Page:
Oh, yeah. Performance. Remember the collapse of the housing bubble? Who caused that? Was it the front line worker at the grocery store, the autoworker, or the librarians? Or was it the college-educated geniuses at the Fed, the Department of the Treasury, and Wall Street? It was the fault of the people in power. If you use your money and political power to chip away at the gains made by unions and by ordinary people, so that they earn less and so that you earn more, you can expect an economic collapse. And don’t forget the college-educated geniuses in the White House who let a pandemic have its way with America.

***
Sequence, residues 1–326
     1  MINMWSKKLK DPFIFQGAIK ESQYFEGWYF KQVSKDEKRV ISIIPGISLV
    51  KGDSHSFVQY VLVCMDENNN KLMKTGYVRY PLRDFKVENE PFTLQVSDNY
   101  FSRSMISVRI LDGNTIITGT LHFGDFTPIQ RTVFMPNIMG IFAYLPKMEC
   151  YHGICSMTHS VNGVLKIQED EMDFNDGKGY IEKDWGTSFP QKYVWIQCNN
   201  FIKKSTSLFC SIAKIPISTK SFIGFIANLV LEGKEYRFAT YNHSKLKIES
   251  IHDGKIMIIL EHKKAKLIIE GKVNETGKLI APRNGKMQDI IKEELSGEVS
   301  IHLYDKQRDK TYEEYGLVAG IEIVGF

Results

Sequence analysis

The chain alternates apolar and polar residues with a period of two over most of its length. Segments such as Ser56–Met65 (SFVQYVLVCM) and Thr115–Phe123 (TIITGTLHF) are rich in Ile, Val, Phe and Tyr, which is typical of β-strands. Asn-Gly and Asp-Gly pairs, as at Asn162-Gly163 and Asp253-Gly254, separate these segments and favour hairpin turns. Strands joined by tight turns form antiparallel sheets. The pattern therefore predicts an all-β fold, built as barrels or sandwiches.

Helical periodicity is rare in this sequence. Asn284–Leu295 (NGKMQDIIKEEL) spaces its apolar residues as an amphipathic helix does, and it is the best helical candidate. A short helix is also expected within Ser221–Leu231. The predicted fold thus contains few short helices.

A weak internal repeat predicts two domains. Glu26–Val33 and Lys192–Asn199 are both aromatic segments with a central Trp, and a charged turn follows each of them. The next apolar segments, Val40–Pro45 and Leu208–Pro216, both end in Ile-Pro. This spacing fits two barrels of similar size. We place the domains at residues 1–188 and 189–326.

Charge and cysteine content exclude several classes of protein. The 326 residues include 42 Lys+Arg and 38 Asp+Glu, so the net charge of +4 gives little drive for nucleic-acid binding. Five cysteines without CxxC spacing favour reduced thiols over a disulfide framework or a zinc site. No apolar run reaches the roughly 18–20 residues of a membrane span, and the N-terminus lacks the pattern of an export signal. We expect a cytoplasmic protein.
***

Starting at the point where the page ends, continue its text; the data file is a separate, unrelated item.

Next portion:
So before we talk about change, let's talk about the cause, the divide between the degreed and the high school graduate. Then we can talk about durable, repeatable solutions that actually help the American people. Because right now, a lot of people are suffering and they’re not quite sure why.

Write on.

Written by

Husband, father, worker, philosopher, and observer. Plumbing the depths of consciousness to find the spring of happiness. Write on.